Heavy clashes between the Libyan army and Islamist militias have left at least 38 people dead in the eastern city of Benghazi.
Militias controlling large parts of the country are behind Libya's worst violence since the 2011 uprising that toppled Colonel Muammar Gaddafi.
On Sunday, France and Germany joined the United States and Britain in advising their nationals in Libya to leave immediately.
In the past two weeks, fighting in Libya's two largest cities Tripoli and Benghazi has been intense, deadly and show few signs of abating, the BBC reports.
In Benghazi, the fighting involved militants attacking troops in the centre of the city. A coalition of forces including the army led by rogue former general Khalifa Haftar say they aim to dislodge Islamist militants from the city.
A week of fighting in the capital Tripoli, near the airport, has left 97 people dead and 404 injured.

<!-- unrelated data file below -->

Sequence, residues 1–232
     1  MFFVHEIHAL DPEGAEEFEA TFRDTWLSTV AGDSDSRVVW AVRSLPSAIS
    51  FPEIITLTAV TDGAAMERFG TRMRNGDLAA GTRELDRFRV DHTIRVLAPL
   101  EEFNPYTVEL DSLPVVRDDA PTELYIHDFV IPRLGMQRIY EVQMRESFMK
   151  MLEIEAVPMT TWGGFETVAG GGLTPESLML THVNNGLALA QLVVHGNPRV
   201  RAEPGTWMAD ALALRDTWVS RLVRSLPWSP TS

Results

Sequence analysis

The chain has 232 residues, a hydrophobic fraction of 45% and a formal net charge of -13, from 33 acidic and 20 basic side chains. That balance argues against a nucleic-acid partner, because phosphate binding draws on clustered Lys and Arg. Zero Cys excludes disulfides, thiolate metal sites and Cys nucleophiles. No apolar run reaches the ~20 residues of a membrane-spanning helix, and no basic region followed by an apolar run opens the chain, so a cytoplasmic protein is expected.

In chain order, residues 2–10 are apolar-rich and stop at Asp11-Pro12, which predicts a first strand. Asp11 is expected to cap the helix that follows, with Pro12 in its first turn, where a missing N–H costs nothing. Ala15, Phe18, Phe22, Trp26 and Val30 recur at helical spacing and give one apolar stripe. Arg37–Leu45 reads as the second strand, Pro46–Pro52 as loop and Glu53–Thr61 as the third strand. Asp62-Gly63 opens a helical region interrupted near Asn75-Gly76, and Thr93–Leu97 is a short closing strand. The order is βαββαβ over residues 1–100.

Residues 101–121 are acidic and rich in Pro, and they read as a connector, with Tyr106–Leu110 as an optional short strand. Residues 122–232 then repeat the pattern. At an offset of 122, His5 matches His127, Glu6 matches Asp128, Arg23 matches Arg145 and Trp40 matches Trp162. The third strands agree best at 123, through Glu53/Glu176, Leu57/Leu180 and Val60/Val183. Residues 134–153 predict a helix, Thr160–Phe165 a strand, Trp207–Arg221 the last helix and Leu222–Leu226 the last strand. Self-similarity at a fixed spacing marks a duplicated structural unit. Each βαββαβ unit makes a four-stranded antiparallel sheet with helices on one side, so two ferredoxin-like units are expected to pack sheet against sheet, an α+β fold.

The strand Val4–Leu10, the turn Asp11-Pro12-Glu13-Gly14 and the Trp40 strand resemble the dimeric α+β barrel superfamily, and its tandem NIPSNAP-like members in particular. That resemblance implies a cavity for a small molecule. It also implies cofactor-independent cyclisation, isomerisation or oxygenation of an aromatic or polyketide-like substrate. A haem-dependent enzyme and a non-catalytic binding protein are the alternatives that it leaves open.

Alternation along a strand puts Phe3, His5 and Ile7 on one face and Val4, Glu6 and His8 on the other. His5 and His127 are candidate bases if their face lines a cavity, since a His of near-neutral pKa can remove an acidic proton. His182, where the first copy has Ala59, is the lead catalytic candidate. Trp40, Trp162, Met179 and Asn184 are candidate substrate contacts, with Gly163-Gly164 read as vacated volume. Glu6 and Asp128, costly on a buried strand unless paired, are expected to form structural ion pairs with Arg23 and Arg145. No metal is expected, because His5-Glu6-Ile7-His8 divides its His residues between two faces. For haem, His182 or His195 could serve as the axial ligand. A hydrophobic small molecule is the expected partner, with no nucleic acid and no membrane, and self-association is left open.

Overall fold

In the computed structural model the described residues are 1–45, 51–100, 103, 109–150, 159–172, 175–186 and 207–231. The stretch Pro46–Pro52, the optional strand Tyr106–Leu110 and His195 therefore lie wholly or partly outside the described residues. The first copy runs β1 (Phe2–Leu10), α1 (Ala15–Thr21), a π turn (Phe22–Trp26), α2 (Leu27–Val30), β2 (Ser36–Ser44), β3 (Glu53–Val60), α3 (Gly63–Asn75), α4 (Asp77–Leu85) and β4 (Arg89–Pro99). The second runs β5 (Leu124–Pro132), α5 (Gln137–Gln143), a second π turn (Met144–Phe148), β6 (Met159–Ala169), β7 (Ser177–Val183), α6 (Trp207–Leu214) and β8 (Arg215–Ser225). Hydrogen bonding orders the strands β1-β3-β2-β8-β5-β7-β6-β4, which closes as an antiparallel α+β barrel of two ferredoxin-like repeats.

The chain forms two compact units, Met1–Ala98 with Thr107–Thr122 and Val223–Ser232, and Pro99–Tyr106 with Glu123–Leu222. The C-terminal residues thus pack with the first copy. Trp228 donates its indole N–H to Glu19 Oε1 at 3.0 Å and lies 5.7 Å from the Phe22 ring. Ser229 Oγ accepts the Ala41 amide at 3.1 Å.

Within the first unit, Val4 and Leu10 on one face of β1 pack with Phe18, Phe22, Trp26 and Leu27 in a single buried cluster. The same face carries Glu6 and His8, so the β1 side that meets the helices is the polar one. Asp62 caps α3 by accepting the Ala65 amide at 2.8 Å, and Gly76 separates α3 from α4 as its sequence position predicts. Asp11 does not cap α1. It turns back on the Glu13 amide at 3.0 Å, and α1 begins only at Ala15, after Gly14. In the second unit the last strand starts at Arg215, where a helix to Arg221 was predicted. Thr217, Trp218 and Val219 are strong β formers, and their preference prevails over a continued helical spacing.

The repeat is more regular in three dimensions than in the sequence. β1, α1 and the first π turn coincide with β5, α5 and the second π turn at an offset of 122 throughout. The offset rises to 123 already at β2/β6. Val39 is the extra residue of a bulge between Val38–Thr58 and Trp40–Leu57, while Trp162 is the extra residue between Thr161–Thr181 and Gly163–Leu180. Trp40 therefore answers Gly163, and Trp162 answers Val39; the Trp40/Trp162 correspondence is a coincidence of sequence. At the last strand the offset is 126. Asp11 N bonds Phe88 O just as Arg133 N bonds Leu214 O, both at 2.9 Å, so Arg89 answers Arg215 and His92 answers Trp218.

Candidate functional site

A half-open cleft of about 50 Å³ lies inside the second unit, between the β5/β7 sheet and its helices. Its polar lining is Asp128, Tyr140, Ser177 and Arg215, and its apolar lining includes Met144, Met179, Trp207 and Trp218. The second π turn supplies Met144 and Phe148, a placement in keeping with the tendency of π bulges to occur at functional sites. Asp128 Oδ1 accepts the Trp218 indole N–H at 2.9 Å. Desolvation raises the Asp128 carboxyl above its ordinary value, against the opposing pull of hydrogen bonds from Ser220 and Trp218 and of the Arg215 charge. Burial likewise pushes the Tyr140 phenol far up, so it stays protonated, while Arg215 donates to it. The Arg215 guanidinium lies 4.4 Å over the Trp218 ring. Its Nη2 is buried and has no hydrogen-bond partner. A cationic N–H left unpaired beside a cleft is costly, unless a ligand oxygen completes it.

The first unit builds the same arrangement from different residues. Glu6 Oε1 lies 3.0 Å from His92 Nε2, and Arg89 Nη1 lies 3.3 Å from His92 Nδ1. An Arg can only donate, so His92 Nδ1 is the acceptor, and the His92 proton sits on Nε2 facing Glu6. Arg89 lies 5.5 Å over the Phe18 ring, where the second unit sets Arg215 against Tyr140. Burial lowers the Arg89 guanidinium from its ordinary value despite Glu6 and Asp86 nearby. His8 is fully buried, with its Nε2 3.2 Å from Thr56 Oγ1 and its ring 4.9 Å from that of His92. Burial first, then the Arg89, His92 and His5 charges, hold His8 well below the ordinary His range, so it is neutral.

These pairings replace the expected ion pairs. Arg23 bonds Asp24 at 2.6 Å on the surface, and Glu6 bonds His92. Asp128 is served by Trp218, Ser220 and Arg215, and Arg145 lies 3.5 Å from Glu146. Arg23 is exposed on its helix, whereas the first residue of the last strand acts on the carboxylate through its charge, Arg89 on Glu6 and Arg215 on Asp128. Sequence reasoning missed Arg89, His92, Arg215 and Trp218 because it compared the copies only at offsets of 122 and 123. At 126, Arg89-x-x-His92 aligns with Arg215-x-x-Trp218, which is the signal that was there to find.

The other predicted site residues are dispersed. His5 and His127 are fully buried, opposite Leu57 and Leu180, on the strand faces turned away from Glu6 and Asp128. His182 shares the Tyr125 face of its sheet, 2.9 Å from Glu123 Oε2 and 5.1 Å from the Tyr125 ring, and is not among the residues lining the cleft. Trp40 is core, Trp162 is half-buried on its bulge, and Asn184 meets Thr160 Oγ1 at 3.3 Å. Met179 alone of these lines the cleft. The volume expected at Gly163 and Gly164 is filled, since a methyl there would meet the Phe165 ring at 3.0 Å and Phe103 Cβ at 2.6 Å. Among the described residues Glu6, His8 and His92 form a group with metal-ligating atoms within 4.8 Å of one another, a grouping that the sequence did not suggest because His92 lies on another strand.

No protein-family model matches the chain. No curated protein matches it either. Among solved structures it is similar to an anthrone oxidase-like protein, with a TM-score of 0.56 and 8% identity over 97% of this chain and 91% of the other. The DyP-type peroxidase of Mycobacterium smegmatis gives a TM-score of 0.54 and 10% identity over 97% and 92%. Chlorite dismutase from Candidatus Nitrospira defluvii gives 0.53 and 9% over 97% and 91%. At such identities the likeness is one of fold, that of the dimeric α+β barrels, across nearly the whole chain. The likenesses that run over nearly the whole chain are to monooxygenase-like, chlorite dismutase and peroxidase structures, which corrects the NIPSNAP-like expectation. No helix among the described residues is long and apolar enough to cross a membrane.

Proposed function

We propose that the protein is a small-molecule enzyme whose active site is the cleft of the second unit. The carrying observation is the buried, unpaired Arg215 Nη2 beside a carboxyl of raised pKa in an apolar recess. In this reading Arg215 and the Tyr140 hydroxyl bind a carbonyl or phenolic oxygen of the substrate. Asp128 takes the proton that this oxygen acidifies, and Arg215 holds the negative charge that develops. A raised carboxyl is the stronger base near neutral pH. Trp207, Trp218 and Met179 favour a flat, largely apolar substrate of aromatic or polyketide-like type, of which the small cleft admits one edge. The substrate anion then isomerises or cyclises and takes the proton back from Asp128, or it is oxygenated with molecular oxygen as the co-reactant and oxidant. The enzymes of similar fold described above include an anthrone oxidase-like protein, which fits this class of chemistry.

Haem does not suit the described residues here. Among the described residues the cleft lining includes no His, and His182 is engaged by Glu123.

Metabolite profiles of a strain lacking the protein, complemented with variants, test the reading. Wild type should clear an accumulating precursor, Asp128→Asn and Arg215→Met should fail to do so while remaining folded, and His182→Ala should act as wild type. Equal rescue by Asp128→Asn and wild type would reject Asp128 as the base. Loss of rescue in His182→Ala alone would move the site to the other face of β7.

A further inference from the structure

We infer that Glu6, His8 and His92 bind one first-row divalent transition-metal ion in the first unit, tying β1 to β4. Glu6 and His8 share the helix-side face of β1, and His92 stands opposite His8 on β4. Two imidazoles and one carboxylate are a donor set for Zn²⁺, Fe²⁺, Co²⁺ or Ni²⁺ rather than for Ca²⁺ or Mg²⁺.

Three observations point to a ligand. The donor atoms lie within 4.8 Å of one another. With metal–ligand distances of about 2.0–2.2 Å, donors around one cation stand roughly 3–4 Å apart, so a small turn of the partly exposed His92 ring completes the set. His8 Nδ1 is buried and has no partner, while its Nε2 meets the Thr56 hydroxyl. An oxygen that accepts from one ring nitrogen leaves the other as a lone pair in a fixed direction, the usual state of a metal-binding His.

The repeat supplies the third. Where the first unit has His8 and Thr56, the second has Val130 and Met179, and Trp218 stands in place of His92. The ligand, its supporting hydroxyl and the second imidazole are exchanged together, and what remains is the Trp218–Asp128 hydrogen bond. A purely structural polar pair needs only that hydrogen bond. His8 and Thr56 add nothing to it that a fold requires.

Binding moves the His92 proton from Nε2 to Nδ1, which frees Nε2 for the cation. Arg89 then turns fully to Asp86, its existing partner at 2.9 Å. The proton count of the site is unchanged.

Rival Libyan militias have been locked in battle at Libya's main airport in the south of Tripoli since last week, forcing the airport to shut.
Members of the Islamist Libya Revolutionaries Operations Room (LROR) are trying to seize control of the facility which has been in the hands of the Zintan militia since the overthrow of Colonel Gaddafi.
Libyan government officials warned of the possibility of a break-up of the country if clashes over Tripoli airport continue.
On Saturday, the US evacuated its embassy in Tripoli, citing a "real risk" because of the fighting. Turkey has also withdrawn some 700 members of staff from Libya. Earlier this week, the UN also announced it was withdrawing all its staff from Libya.
The government has been unable to disarm the numerous armed groups that took part in the 2011 uprising and which have divided the country.